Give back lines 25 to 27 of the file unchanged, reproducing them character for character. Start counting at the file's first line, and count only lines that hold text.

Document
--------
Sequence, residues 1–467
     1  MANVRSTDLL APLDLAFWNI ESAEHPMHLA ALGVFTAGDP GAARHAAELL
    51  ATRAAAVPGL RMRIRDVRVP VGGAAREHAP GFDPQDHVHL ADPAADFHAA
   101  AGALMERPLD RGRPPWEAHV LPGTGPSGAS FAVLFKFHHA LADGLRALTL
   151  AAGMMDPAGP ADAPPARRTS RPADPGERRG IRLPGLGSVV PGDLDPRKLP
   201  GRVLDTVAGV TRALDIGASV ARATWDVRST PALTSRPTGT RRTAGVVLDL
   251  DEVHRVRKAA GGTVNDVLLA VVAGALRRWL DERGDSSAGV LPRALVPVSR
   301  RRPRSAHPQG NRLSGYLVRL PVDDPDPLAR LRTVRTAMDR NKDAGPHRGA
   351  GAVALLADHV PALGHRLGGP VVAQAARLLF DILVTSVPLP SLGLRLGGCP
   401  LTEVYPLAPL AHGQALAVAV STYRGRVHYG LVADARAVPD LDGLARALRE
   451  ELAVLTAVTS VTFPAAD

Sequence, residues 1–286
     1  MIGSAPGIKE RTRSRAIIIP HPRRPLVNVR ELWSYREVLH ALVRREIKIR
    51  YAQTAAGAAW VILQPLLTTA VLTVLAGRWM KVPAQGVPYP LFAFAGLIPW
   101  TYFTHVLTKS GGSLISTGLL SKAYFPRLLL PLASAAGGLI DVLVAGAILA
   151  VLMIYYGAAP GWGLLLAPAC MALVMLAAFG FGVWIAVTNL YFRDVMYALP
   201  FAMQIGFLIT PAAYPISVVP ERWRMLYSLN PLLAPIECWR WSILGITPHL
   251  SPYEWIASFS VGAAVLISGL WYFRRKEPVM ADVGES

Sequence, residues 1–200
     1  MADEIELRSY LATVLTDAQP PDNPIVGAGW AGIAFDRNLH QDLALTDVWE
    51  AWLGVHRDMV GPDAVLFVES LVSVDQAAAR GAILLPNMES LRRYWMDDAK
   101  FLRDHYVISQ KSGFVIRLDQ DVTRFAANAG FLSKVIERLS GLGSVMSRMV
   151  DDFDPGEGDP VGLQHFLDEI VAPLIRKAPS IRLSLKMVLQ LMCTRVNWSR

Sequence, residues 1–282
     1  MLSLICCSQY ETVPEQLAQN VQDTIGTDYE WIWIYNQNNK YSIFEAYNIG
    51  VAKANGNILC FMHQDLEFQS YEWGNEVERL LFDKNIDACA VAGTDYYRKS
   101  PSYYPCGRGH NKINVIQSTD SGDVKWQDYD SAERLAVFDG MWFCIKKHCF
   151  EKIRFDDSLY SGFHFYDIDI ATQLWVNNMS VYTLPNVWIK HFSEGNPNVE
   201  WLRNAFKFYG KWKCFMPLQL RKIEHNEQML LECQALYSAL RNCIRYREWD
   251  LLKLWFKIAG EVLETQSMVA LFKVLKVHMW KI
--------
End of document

     1  MLSLICCSQY ETVPEQLAQN VQDTIGTDYE WIWIYNQNNK YSIFEAYNIG
    51  VAKANGNILC FMHQDLEFQS YEWGNEVERL LFDKNIDACA VAGTDYYRKS
   101  PSYYPCGRGH NKINVIQSTD SGDVKWQDYD SAERLAVFDG MWFCIKKHCF